Wilkin County, Minnesota, Public Health Director Becky Tripp provided an update on the COVID-19 situation to the county board at a Tuesday, Nov. 16 meeting. Wilkin County currently has 51 active cases, three of them new as of Friday, Nov. 19, according to the Minnesota Department of Health.
A total of 3,026 eligible residents have been fully vaccinated as of Wednesday, Nov. 17. The 65 and older age group has the highest vaccination rate in the county (88 percent fully vaccinated).
“Our numbers are really good for 65 and older, OK for 50-64, not so great for the rest of the population,” Tripp said.
Wilkin County Public Health will not vaccinate the 5-11 age group. There are providers in the area who can do so in a more controlled and comfortable environment, Tripp said. As of Wednesday’s report, nine individuals aged 5-11 had been vaccinated in the county.
Public Health also plans to discontinue COVID-19 vaccinations at the beginning of next year. They expect to have most of the booster doses administered by then to those who want one, Tripp said. Individuals wishing to get vaccinated after the first of the year can do so at their primary care provider.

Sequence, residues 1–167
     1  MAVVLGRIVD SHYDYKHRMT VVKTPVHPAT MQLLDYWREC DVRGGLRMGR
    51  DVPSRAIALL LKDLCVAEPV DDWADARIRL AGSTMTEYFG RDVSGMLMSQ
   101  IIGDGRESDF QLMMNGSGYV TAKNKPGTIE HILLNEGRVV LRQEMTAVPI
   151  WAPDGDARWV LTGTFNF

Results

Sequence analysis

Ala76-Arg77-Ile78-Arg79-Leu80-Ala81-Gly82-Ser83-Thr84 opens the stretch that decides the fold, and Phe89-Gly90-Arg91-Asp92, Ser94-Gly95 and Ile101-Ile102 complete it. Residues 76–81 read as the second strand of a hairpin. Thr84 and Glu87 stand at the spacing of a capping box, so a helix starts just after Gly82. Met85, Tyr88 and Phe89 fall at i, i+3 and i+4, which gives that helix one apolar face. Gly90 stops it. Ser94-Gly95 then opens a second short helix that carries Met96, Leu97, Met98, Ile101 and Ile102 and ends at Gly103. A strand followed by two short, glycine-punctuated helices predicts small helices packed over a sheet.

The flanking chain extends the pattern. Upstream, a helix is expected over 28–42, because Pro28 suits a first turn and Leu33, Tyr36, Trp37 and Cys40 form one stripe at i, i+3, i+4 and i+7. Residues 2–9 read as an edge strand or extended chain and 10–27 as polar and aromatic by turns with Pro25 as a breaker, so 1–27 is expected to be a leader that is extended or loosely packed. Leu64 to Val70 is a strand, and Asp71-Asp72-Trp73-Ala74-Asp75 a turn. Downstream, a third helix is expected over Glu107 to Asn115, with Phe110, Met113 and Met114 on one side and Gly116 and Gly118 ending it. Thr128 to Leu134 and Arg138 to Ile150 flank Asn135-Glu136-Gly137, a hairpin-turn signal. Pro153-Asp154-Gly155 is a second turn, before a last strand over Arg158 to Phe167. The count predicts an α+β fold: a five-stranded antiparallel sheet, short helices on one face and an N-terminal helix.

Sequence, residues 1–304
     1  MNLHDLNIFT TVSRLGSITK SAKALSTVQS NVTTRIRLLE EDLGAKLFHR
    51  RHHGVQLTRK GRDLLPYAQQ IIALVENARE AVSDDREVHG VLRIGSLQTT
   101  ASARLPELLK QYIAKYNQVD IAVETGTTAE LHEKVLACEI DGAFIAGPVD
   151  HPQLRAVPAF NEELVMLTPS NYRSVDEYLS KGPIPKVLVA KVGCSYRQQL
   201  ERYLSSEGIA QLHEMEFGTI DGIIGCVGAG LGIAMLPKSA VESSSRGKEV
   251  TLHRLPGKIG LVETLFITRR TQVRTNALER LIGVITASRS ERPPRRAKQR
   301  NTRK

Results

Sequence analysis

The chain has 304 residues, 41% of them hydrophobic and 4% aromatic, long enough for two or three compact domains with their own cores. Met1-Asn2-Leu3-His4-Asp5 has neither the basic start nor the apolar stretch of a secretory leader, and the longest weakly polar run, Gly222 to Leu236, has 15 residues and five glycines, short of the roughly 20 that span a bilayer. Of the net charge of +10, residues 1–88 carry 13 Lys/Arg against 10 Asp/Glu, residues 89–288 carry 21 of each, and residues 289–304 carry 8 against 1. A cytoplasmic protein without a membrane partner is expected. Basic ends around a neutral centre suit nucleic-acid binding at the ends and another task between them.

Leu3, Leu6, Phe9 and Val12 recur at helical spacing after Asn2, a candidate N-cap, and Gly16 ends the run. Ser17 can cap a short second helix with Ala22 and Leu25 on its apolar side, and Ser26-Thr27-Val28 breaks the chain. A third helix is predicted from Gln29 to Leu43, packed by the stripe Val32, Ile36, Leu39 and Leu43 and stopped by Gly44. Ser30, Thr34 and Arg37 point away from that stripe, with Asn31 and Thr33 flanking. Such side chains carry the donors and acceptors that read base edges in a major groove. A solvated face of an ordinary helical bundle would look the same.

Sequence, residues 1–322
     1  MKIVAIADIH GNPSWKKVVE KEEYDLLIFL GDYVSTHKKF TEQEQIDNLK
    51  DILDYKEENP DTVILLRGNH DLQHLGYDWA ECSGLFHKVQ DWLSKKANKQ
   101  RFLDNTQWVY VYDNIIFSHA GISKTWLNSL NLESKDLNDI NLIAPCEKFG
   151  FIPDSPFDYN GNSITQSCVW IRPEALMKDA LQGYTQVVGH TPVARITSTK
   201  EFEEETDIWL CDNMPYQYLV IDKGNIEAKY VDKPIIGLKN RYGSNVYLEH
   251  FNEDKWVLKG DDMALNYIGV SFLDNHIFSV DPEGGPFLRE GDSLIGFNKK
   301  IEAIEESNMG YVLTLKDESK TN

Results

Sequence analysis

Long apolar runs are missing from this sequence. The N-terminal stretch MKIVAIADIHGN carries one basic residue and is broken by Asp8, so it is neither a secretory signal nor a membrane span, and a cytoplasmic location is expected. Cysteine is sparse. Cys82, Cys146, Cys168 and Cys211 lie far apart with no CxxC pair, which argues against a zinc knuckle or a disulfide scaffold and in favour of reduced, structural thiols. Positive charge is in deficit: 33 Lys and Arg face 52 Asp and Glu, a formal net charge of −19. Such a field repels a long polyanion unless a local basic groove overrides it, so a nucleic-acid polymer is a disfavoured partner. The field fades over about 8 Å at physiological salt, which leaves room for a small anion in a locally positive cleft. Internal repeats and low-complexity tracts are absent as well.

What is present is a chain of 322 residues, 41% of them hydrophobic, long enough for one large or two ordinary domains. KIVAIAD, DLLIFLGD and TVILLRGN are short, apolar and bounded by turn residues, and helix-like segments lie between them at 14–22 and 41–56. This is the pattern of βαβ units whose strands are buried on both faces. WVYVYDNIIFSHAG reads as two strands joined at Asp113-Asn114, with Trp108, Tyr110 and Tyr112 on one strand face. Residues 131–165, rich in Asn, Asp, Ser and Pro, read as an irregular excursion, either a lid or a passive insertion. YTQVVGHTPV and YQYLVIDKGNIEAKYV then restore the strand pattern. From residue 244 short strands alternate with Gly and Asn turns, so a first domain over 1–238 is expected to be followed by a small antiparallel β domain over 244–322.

Tripp said 2.2 percent of fully vaccinated individuals are breakthrough cases and getting COVID-19, and just 0.098 percent are being hospitalized in the state, according to a call with MDH.
“It isn’t that people who are vaccinated are not getting COVID, but it’s just that they’re not ending up in the hospital with it,” Tripp said.
She said some COVID-19 patients are being sent as far as Tennessee to get an ICU bed. The data of the number of hospital beds occupied by a COVID-19 patient can get skewed because once it has been two weeks since someone’s diagnosis, they are not considered COVID-19 hospitalizations. However, the complications from the illness are keeping patients bedbound longer than two weeks, Tripp said.
“Hospitals are full across the state and North Dakota,” Tripp said.
CHI St. Francis occasionally keeps COVID-19 patients at the hospital, but they try to send them to other facilities.
“There’s just no beds to send people to right now,” Tripp said.
It’s a combination of a lack of beds and staffing shortages, she said. Prior to the pandemic, hospitals only maintained a certain number of ICU beds as for-profit facilities. When COVID-19 hit, hospitals reached their limit, then increased their number of ICU beds. But, it takes a lot of staff to operate the ICU, so the problem is double sided.
Statewide, there have been 44,224 hospitalizations due to COVID-19 as of Friday, MDH reported. Of those, 8,846 have been admitted to the ICU. From Monday to Wednesday this week, there were 287 people hospitalized statewide and 32 people admitted to the ICU.